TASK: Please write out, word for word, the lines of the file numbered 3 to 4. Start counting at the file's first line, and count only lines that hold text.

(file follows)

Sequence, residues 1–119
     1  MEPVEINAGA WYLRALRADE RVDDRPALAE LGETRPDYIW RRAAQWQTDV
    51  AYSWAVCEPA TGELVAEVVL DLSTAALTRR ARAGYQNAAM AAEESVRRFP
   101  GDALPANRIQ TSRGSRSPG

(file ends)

    51  AYSWAVCEPA TGELVAEVVL DLSTAALTRR ARAGYQNAAM AAEESVRRFP
   101  GDALPANRIQ TSRGSRSPG